Last year in 2017, the word on the street was that Plano was in a seller’s market. Frustrated buyers ran around trying to be the first into viewing any went up for sale and offers were multiple and competitive for any home that worth anything. Real estate articles covered the chaos and warned that a housing bubble like that of 2007 could be just around the corner.
That future turned out to be a bit different, buyers soon began to cool the offers they were putting in and staying put if they could at all do so. that had and were putting The media is abuzz with news of a declining housing market that is only going to get worse.
The slowdown in Dallas-Fort Worth’s housing market may be worse than at first glance.
Sales of preowned single-family homes dropped 1 percent annually in August in all of North Texas, according to the latest numbers from the Real Estate Center at Texas A&M University. Those numbers include data on more than two dozen counties stretching from the Red River to Waco.
Now, if that wasn’t bad enough, some statistics are even worse:
Sales last month were down almost 31 percent in Far North Dallas. They dropped 24 percent from August 2017 totals in Allen, and were off 21 percent in Coppell. Plano had a 16 percent year-over-year sales decline and sales were down more than 11 percent in Richardson and about 9 percent lower in Frisco.
A different view
The numbers are there and no matter how you look them, there has definitely been a shift in the market, but it’s not necessarily all doom and gloom.
There are many reasons why a slow down in the market can seem worse than it is, and that is what we’re dealing with here in the DFW area.
When you look at the figures and compare them to last year, we have fallen in sales and pending sales, but remember those figures were from when we had an artificially high number of sales. Looking at normal years, we’re not extraordinarily falling as hard as they seem.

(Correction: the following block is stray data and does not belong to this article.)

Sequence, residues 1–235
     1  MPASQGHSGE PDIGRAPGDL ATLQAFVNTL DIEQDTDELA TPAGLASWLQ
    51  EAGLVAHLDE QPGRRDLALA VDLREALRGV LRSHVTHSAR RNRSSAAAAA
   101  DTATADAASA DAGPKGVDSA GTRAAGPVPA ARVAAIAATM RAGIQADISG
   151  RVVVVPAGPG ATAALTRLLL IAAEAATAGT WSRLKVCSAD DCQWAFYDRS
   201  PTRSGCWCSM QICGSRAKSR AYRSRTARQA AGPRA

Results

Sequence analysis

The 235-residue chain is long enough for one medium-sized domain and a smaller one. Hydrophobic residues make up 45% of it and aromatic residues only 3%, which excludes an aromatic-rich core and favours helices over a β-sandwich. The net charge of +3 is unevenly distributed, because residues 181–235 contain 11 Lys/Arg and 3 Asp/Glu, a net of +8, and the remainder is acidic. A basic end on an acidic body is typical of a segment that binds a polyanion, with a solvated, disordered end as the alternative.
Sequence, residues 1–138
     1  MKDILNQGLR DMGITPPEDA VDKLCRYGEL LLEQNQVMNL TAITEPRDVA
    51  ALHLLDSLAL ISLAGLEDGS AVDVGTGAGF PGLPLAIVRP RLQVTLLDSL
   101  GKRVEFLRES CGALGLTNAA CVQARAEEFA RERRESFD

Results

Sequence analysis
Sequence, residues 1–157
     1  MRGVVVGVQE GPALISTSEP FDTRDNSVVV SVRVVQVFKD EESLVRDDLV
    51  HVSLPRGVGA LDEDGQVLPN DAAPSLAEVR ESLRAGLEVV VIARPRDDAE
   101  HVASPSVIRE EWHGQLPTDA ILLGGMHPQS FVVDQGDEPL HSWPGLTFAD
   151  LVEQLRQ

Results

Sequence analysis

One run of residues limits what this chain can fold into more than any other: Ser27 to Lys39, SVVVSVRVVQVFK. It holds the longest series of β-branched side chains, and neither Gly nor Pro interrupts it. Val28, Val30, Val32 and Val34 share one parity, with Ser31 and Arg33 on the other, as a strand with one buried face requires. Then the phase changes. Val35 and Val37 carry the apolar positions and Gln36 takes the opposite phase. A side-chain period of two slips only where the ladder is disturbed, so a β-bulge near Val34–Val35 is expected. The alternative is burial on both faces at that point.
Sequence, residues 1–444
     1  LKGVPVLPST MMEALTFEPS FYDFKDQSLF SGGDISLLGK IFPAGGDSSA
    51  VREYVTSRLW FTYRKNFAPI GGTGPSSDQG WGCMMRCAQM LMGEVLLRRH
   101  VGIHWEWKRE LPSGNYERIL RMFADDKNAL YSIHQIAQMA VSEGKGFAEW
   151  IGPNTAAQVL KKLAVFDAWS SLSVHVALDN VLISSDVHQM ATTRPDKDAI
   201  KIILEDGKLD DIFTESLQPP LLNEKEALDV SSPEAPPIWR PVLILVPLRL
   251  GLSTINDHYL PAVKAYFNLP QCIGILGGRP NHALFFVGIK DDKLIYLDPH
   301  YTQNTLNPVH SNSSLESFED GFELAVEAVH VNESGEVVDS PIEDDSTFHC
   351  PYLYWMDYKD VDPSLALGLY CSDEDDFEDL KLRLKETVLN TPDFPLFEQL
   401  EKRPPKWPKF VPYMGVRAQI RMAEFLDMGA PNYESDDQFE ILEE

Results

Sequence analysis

Are we smarter now?
Now that we know that our figures aren’t totally horrible, we can also look at other numbers that influence housing sales.
Mortgage rates are very low. They’ve been low for quite a few years now. Many buyers remember when homes were at 11% or higher and everyone ran out to start buying homes as they dropped and nearly flooded the market in a buying spree when they got as low as 8%.
When they dropped even lower around 2004, there was a national rush to buy homes. Add to that some unethical mortgage brokers who could find a way to give your dog a mortgage and the party was, as they say, ‘on’!
Thus we have part of the reason for the housing bubble. We can’t blame the buyers though, these low mortgages were incredible when you compare the rates to the earlier housing markets of the 1990’s when the average mortgage could be as much as 13% for a regular FHA loan.
Now we have these historically low mortgage rates, and they are incredible, but look at the length of time we’ve had it. There are millennial buyers out there who couldn’t even conceive of a high-interest rate. They would shudder at the thought of it.
Could it be that we’ve gotten smarter about our economy? Did the recession in the early 2000’s teach us that creating a frenzied housing market is not in anyone’s benefit?
Mortgage rates won’t stay where they are, that’s for sure. History has shown us that these rates are cyclical and play a large role in how active the housing market is.
The difference a point makes
The moment the rates start climbing, there may be a rush to get into a home before they rise even higher. Right now is a great time to buy or sell because of interest rates. Why? Let’s look at it this way, for every point, a mortgage rate goes up and depending upon your asking or selling price. you could end up paying more.
On a $400,000 loan, if you owe $360,000 a one percent rise in mortgage rates could raise your monthly payment by around $200. Double that on an $800,000 home and you’re at around $400 and so on and so forth.
That isn’t a conversation many mortgage brokers have had to have with their clients, but for anyone who’s gone through the high-interest rates of the ’90s and the recession caused by the housing market, we know that having it is sound advice.
There doesn’t seem to be a reason that interest rates will go any lower and many reasons that they’ll continue to move up. This may mean that selling or buying a home right now just might be in the best interest of many.
Is it in your best interest? That’s where you need a good team of real estate professionals behind you, giving you advice. Everyone has different needs and wants so starting with the conversations.